The Day of the Devas
December 21 solstice marks the beginning of the Uttara Ayana

Author: Krishna Darshan - Alan Wiuker

The term “ayana” means one half of a year, and there are two ayanas in one year, viz, the Uttara ayana or the 6 months when the Sun moves towards the north, and the Dakshina Ayana, the 6 months when the Sun moves towards the south.

December 21st is the time of the year when the Sun reaches its most southern position and from here it begins it motion towards the north.

This date marks the beginning of winter season and the shortest day/longest night of the year for the norther hemisphere and of summer season and longest day/shortest night of the year for the southern hemisphere.

6 months on the human earthly plane are equal to one day for the Devas, (commonly translated as gods, the beings of light, or angels).
In the Vedic system, this beginning of the northern course of the Sun is called as Uttara Ayana, and it is the beginning of the Day of the Devas and it’s the night for the “Asuras” (beings of darkness, demons).

After the Sun reaches its most norther point, on June 21st, the Sun begins to move southwards and that is the beginning of the Dakshina Ayana, or the night of the devas and the day of the asuras.

By some error, some Hindus or even many Vedic priests wrongly celebrate the beginning of the Uttara Ayana on the day the Sun enters the sidereal constellation of Capricorn, on January 14th, also known as Makara Sankranti.
That error happens because they confuse the proper use of the sidereal and tropical zodiacs.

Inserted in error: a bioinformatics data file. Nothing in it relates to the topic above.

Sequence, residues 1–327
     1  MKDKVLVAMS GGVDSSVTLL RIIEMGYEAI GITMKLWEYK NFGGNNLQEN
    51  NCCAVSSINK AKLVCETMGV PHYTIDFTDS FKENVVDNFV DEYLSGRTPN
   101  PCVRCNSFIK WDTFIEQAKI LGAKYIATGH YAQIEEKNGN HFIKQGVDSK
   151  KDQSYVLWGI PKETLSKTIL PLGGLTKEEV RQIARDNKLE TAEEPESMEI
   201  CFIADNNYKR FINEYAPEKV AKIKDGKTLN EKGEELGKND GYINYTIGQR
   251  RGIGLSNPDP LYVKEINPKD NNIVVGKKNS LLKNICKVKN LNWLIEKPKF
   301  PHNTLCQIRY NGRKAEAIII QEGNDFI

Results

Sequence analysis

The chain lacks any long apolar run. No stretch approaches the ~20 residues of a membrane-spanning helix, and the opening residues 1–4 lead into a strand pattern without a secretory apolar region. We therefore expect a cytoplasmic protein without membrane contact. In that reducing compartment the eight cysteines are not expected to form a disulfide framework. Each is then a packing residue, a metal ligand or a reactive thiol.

To understand more about the difference between tropical and sidereal zodiac, please refer to the article in the following page link:

While the sidereal zodiac is used in Vedic astrology for all chart interpretation purposes, it is the tropical zodiac which should be use in concern to the equinoxes and solstices, because that is exactly what the tropical zodiac is based on.

This is a fact that can be easily observed directly by one’s naked eyes. Just look at the eastern horizon at the time of sunrise and mark the exact point of the horizon at that time. You will observe that during 6 months of the year, the sun rises every day to a more southern position, until December 21st when the sunrise starts to move more north every day until it reaches its most norther point on June 21st, then again it starts to move southwards.

So, the solstices and change of Ayana happen when the sun ingresses the Tropical signs of Capricorn and Cancer and the equinoxes happen when the sun ingresses the tropical signs of Aries and Libra.
So, Makara Sankranti would be correct as the beginning of the Uttara Ayana only if it is considered as the tropical Capricorn and not sidereal Capricorn.

The Uttara Ayana (northern course of the sun) is considered as most auspicious for celebrating important events of life and for the beginning of good works (karmas), as the divine forces and light are more dominant at that time. But for a true nishkama karma yogi, one who works without any expectation for the fruits of his actions, or for engaging in yoga sadhana, this is irrelevant.
Meeting with death on Uttara Ayana is declared as most auspicious, even though for a realized or liberated Soul (Jeevanmukta) this is irrelevant.

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